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By Brian Stimson of The Skanner News
Published: 15 October 2009

  Trail Blazers President Larry Miller says "This place is alive and vibrant when an event is going on. When it's not, tumbleweeds blow through here." The Rose Quarter redevelopment project will turn the event-oriented district into a 24-7 entertainment spot.

Jumptown. That's what Trail Blazers President Larry Miller wants to call a Rose Quarter redevelopment project that will turn the event-oriented district into a 24-7 entertainment spot.
"This place is alive and vibrant when an event is going on," he said. "When it's not, tumbleweeds blow through here."
Miller and Arena Event Management hope they can turn this intermittent ghost town into a model of sustainable business – both from an economic and environmental perspective. Although the proposal is in its beginning stages, they hope to alter the interior of the Coliseum to reflect modern event needs and develop a variety of other business on the site.
The name Jumptown comes from the neighborhood's own vibrant history, before it was largely destroyed by the city of Portland, Legacy Emanuel Hospital expansion and other socioeconomic and racial changes, such as the end of real estate red-lining. Through much of the early to mid-20th century, the inner Northeast area along Williams Avenue and Broadway was a nonstop avenue of jazz clubs, pool halls and drinking parlors. During its demise, many referred to the avenue as the "bucket of blood" – a place notorious for fights and violence.
As a way point on the West Coast between San Francisco and Seattle, nearly every major music act on tour during the time stopped through Jumptown. Not a lot has changed since those days. Combined, the Memorial Coliseum and Rose Garden Arena hosted events for 300 days out of the year. Many events share both venues – such as the Winterhawks hockey team and the annual Dew Action Sports Tour.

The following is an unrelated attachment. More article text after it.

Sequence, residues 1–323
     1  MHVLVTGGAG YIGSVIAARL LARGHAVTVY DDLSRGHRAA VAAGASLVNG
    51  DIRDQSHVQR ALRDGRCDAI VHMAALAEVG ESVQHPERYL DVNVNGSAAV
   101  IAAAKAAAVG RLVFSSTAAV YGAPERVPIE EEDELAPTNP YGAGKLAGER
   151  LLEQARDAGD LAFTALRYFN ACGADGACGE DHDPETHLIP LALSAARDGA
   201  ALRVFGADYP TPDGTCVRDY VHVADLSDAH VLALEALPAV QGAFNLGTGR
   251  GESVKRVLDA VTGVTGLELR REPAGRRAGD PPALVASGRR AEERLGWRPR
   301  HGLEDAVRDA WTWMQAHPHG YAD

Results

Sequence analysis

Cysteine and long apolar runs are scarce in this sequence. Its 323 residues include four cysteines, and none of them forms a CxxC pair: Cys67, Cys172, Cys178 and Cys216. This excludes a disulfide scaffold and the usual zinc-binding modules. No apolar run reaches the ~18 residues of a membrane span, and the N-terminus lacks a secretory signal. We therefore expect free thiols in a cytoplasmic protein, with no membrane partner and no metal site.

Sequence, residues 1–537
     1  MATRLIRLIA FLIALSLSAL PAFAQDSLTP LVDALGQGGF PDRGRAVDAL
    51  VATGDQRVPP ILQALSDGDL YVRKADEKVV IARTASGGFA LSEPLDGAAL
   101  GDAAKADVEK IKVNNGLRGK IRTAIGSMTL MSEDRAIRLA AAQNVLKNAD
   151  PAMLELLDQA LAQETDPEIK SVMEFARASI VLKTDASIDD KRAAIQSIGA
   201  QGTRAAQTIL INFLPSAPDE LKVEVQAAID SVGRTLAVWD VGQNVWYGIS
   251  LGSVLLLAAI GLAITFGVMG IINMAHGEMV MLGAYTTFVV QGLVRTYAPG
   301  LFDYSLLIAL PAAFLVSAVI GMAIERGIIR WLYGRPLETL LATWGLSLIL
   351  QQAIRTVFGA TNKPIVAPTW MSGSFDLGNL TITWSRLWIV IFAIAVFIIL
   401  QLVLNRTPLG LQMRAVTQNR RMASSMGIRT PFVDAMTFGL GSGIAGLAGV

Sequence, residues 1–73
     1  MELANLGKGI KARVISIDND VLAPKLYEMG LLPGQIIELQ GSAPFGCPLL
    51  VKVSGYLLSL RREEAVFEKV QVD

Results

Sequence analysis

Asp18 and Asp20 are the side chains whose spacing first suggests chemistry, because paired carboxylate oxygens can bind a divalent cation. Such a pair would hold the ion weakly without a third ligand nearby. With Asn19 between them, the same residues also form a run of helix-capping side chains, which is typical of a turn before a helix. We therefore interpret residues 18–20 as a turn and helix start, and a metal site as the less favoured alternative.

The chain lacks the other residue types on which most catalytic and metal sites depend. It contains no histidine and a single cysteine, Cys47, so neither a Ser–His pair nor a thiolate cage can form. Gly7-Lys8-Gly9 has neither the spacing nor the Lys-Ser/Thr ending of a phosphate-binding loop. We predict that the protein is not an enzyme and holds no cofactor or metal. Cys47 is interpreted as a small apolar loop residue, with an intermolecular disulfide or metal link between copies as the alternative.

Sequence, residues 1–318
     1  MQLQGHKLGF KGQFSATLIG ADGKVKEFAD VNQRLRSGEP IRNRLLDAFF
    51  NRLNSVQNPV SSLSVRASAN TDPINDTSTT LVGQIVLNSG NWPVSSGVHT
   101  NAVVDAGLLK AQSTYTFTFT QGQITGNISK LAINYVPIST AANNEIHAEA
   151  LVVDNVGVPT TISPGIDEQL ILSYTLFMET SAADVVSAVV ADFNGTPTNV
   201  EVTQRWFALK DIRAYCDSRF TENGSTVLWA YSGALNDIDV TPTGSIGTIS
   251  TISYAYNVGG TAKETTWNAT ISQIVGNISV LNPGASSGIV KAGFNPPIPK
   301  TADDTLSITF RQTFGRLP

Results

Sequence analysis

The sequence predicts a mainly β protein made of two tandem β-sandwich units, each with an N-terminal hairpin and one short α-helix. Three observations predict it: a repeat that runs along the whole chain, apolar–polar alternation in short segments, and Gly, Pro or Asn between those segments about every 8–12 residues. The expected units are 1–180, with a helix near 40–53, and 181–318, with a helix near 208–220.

Meeting with Mayor Sam Adams' Stakeholder Advisory Committee on Oct. 12, J. Isaac, Portland Trailblazers' senior vice president for business affairs, said they are looking into proposals to downsize the bowl of the Coliseum to better reflect the needs of event organizers. Isaac said it was possible to reduce capacity while attracting additional business.
Isaac said the Blazers are looking into several options for creating additional buildings for the entertainment district, including converting the top of one of the city-owned parking garages.
Local businessman Sam Brooks said he's generally supportive of the idea.
"We had a great plan in the beginning for a venue that was responsive to the needs of the community," Brooks, a member of the stakeholder committee, told The Skanner news. "If it does, it'll be a great success."
Arena Event Management is leading the proposal to alter the seating capacity of the Coliseum. AEG is responsible for managing the Staples Center in Los Angeles and London's O2 Arena, two venues with thriving entertainment districts similar to the one being proposed for the Rose Quarter.

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